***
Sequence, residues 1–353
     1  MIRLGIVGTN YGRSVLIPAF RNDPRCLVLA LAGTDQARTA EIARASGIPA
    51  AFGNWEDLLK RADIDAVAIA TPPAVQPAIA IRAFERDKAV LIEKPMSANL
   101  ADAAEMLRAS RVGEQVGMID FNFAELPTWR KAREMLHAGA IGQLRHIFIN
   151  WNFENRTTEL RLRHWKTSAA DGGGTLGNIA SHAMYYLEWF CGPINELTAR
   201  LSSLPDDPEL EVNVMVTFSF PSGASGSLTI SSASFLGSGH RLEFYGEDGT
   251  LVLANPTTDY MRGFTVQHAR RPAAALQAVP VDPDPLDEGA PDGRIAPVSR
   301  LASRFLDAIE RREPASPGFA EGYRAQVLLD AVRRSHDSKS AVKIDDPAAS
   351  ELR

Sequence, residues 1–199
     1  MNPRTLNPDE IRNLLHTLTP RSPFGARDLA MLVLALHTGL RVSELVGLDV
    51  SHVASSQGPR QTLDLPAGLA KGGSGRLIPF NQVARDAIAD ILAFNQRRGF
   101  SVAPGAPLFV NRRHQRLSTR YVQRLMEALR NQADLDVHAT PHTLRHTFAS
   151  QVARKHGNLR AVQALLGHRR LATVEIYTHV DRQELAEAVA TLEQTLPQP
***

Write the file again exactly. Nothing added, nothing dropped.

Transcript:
Sequence, residues 1–353
     1  MIRLGIVGTN YGRSVLIPAF RNDPRCLVLA LAGTDQARTA EIARASGIPA
    51  AFGNWEDLLK RADIDAVAIA TPPAVQPAIA IRAFERDKAV LIEKPMSANL
   101  ADAAEMLRAS RVGEQVGMID FNFAELPTWR KAREMLHAGA IGQLRHIFIN
   151  WNFENRTTEL RLRHWKTSAA DGGGTLGNIA SHAMYYLEWF CGPINELTAR
   201  LSSLPDDPEL EVNVMVTFSF PSGASGSLTI SSASFLGSGH RLEFYGEDGT
   251  LVLANPTTDY MRGFTVQHAR RPAAALQAVP VDPDPLDEGA PDGRIAPVSR
   301  LASRFLDAIE RREPASPGFA EGYRAQVLLD AVRRSHDSKS AVKIDDPAAS
   351  ELR

Sequence, residues 1–199
     1  MNPRTLNPDE IRNLLHTLTP RSPFGARDLA MLVLALHTGL RVSELVGLDV
    51  SHVASSQGPR QTLDLPAGLA KGGSGRLIPF NQVARDAIAD ILAFNQRRGF
   101  SVAPGAPLFV NRRHQRLSTR YVQRLMEALR NQADLDVHAT PHTLRHTFAS
   151  QVARKHGNLR AVQALLGHRR LATVEIYTHV DRQELAEAVA TLEQTLPQP